Iditarod: The Town, The Trail, The Race

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The 51st running of the Iditarod begins tomorrow. As I sat down to write about the Iditarod, it occurred to me that I did not know where the name for the world’s most famous dog-mushing race originated. Sure, I knew there was an Iditarod Trail and the history of the 1925 diphtheria serum run to Nome, but where does the name come from and why was there an Iditarod Trail in the first place? So I did a little digging and here’s what I found.

The Town

The promise of gold brought many outsiders to Alaska in the late 1800s. Many of those gold rush towns have survived the test of time. Fairbanks, Nome, and Skagway come to mind. Others did not fare as well. The town of Iditarod (Athabascan meaning “distant place”) was one of those boom and bust towns. When gold was discovered along a tributary of the Iditarod River in 1908, word spread and by 1910 the town of Iditarod swelled to a population of over 3,000 people. Even though the area was remote, even by today’s standards, there were hotels, a mercantile, a bank, and even three newspapers. By 1940, the gold was gone and so were the people. Today, Iditarod is a ghost town with nothing left except dilapidated buildings, but the namesake remains a checkpoint where mushers pass through on the Iditarod.

The Trail

With the gold rush, came the reality of the harsh winters and the difficulty of transporting people and goods. In warmer months, rivers and boats were used to bring supplies but after freeze-up, those methods were no longer a viable option.

Dog mushing has been a way of travel for people in the arctic for thousands of years. Native Alaskans bred dogs for sledding to traverse the unforgiving frozen tundra. In the early 1900s, the Iditarod Trail was formed as a way to connect Seward to Nome and gold rush towns, such as Iditarod, Knik, and McGrath in between. Much of the trail followed routes used by Native Alaskans to connect their villages. The Iditarod Trail was used to move supplies in and gold out. It also served as a mail route.

With the invention and more common use of the airplane and later the snowmachine, dog sledding as a mode of transportation fell out of favor. The Iditarod Trail was no longer needed. However, in 1925 the trail was famously used as a mushing route to deliver diphtheria serum to Nome. The weather was too unfavorable to safely use airplanes so a relay of dog sled teams got the supplies there just in time to avoid a deadly outbreak.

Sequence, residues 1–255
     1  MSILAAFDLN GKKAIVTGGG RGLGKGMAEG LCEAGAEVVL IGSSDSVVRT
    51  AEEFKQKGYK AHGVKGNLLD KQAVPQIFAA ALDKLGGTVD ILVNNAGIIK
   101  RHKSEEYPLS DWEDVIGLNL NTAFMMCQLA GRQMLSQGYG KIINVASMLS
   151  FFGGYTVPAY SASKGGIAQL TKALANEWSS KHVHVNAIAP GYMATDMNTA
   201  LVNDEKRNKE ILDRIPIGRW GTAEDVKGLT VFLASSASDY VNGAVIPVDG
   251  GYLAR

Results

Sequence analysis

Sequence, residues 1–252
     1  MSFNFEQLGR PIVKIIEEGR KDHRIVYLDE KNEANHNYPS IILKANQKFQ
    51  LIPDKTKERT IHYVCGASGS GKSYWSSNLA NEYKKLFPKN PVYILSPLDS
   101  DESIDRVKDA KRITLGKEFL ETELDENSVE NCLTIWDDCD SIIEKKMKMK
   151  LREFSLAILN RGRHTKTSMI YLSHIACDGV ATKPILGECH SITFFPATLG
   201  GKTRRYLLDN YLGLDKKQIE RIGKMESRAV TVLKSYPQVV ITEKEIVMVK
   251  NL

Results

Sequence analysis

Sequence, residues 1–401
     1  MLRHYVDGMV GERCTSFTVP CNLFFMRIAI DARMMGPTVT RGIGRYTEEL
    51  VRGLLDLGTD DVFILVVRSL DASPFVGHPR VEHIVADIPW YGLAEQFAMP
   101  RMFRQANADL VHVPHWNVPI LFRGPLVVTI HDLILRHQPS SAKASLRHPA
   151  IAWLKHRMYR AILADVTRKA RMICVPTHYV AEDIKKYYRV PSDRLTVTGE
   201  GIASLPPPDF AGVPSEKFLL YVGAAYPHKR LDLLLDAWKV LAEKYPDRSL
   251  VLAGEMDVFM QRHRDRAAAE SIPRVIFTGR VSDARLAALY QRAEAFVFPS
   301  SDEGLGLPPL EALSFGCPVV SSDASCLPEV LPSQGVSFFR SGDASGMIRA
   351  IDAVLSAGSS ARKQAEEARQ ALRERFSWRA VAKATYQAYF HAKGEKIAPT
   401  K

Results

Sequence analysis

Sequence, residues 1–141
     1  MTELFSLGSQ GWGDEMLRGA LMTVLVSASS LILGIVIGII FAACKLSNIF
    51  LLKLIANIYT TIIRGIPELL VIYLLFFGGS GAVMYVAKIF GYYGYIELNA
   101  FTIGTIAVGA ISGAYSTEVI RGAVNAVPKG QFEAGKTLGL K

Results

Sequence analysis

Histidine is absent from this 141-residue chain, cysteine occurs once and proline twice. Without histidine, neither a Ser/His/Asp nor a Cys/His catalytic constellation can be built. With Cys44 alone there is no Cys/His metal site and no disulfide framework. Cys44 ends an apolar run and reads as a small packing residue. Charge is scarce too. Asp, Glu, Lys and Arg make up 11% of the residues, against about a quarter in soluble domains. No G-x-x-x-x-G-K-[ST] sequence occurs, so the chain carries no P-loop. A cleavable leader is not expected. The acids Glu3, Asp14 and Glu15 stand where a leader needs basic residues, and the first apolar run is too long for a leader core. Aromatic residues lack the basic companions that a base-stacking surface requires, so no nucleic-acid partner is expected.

The Race

Many people believe the Iditarod plays homage to the famous diphtheria serum delivery to Nome, but that is not the case.

In the 1960s, Dorothy Page was head of a committee tasked with preserving the history of Alaska. She had an idea to create a commemorative sled dog race using the Iditarod Trail. The race would celebrate the centennial anniversary of Alaska becoming a US Territory. Joe Redington Sr., now known as the father of the Iditarod, championed her idea. He saw the race as a way to resurrect the sport of dog sledding and to have the Iditarod Trail recognized as a National Historic Trail. He accomplished both. The first Iditarod race from Anchorage to Nome was completed in 1973 and in 1978, the Iditarod Trail officially became Alaska’s only National Historic Trail.


The ceremonial start of each year’s race begins in Anchorage. If you happen to be visiting during that time you can attend in person or fly to Nome to see the finish. Volunteerism is a huge part of what makes the Iditarod a success so you could also volunteer to work during the race.

Most people’s Alaska vacation doesn’t coincide with the running of the race, so the Iditarod Headquarters in Wasilla is well worth a visit. During the summer, there are dog mushing demonstrations, videos, and memorabilia. Of course, they also have a gift shop so you can bring home an Iditarod t-shirt and a coffee mug (I am speaking from personal experience).

The official Iditarod website is a great resource to follow along with the race, getting information on the mushers and their dog teams, and a way to feel a part of the race even from outside Alaska. The website is a wealth of information (my source for a lot of this post) if you’re interested in learning more about the race and its history.

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I fell in love with Alaska in 2007 when I took my first trip there. Planning that first vacation was very overwhelming and I found myself looking for help. Since then I've spent countless hours researching, reading, and watching anything and everything Alaska. I started this website to help you find the fun in the planning and get your dream Alaska vacation.

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